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Fluvoxamine

Not to be confused with Fluoxetine.
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Fluvoxamine
File:Fluvoxamine2DACS.svg
File:Fluvoxamine ball-and-stick.png
Systematic (IUPAC) name
2-{[(E)-{5-Methoxy-1-[4-(trifluoromethyl)phenyl]pentylidene}amino]oxy}ethanamine[1]
Clinical data
Trade names Faverin, Fevarin, Floxyfral, Luvox
AHFS/Drugs.com monograph
MedlinePlus a682275
  • C
Oral
Pharmacokinetic data
Bioavailability 53% (90% confidence interval: 44-62%)[2]
Protein binding 80%[2]
Metabolism Hepatic (via cytochrome P450 enzymes. Mostly via oxidative demethylation)[2]
Half-life 12-13 hours (single dose), 22 hours (repeated dosing)[2]
Excretion Renal (98%; 94% as metabolites, 4% as unchanged drug)[2]
Identifiers
54739-18-3 7pxY
N06AB08
PubChem CID 5324346
DrugBank DB00176 7pxN
ChemSpider 4481878 7pxY
UNII O4L1XPO44W 7pxY
KEGG D07984 7pxY
ChEBI CHEBI:5138 7pxY
ChEMBL CHEMBL814 7pxY
Chemical data
Formula C15H21F3N2O2
318.335
 14pxN (what is this?)  (verify)

Fluvoxamine (brand names: Faverin, Fevarin, Floxyfral, and Luvox) is a medication which functions as a selective serotonin reuptake inhibitor (SSRI) and σ1 receptor agonist. Fluvoxamine is used primarily for the treatment of obsessive-compulsive disorder (OCD),[3] and is also used to treat major depressive disorder (MDD), and anxiety disorders such as panic disorder and post-traumatic stress disorder (PTSD).[4] Fluvoxamine CR (controlled release) is approved to treat social anxiety disorder.[5]

The FDA has added a black box warning for this drug in reference to increased risks of suicidal thinking and behavior in young adults and children.

Medical uses

Fluvoxamine's only FDA approved indication is in the treatment of OCD,[6] although in other countries (e.g. Australia,[7] UK[8] and Russian Federation[9]) it has indications for MDD, as well. Fluvoxamine has been found to be useful in the treatment of MDD, and anxiety disorders such as panic disorder, social anxiety disorder, post-traumatic stress disorder (PTSD), and obsessive-compulsive spectrum disorders. Fluvoxamine is indicated for children and adolescents with OCD.[10] The drug works long-term, and retains its therapeutic efficacy for at least a year.[11] It has also been found to possess some analgesic properties in line with other SSRIs and tricyclic antidepressants.[12][13][14]

Some evidence shows fluvoxamine may be a helpful adjunct in the treatment of schizophrenia, improving the depressive, negative, and cognitive symptoms of the disorder.[15] Its actions at the sigma receptor may afford it a unique advantage among antidepressants in treating the cognitive symptoms of schizophrenia.[16]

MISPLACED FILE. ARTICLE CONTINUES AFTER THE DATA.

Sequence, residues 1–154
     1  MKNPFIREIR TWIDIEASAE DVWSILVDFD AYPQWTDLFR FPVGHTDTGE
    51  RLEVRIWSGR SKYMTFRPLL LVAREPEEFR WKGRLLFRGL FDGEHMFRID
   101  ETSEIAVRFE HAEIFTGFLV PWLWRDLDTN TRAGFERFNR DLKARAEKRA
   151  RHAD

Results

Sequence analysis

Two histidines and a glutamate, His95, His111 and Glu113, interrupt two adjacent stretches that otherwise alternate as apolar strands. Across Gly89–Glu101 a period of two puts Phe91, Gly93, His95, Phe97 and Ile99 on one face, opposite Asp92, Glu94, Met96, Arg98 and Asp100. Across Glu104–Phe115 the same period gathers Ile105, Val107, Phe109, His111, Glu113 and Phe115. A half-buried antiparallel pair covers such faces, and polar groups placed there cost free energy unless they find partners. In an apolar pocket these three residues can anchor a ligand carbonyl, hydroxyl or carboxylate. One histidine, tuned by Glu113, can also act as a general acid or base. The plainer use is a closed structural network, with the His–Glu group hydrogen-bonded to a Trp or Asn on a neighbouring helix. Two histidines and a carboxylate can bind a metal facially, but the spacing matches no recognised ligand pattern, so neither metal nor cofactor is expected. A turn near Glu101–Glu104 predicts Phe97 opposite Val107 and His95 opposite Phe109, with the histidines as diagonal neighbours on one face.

Adverse effects

Gastrointestinal side effects are more common in those receiving fluvoxamine than with other SSRIs.[17] Otherwise, fluvoxamine's side-effect profile is very similar to other SSRIs.[2][6][7][8][18][19]

Common (1-10% incidence) adverse effects
  • Nausea
  • Vomiting
  • Anorexia (weight loss)
  • Agitation
  • Nervousness
  • Anxiety
  • Insomnia
  • Somnolence
  • Tremor
  • Headache
  • Dizziness
  • Palpitations
  • Tachycardia (high heart rate)
  • Abdominal pain
  • Dyspepsia (indigestion)
  • Diarrhoea
  • Constipation
  • Dry mouth
  • Hyperhidrosis (excess sweating)
  • Asthenia (weakness)
  • Malaises
  • Sexual dysfunction (including delayed ejaculation, erectile dysfunction, decreased libido, etc.)
Uncommon (0.1-1% incidence) adverse effects
  • Hallucination
  • Confusional state
  • Extrapyramidal side effects (e.g. dystonia, parkinsonism, tremor, etc.)
  • Orthostatic hypotension
  • Cutaneous hypersensitivity reactions (e.g. oedema [buildup of fluid in the tissues], rash, pruritus)
  • Arthralgia
Rare (0.01-0.1% incidence) adverse effects
  • Mania
  • Seizures
  • Abnormal hepatic (liver) function
  • Photosensitivity (being abnormally sensitive to light)
  • Galactorrhoea (expulsion of breast milk unrelated to pregnancy or breastfeeding)
Unknown frequency adverse effects
  • Hyperprolactinaemia (elevated plasma prolactin levels leading to galactorrhoea, amenorrhoea [cessation of menstrual cycles], etc.)
  • Bone fractures
  • Glaucoma
  • Mydriasis
  • Urinary incontinence
  • Urinary retention
  • Bed-wetting
  • Serotonin syndrome — a potentially fatal condition characterised by abrupt onset muscle rigidity, hyperthermia (elevated body temperature), rhabdomyolysis, mental status changes (e.g. coma, hallucinations, agitation), etc.
  • Neuroleptic malignant syndrome — practically identical presentation to serotonin syndrome except with a more prolonged onset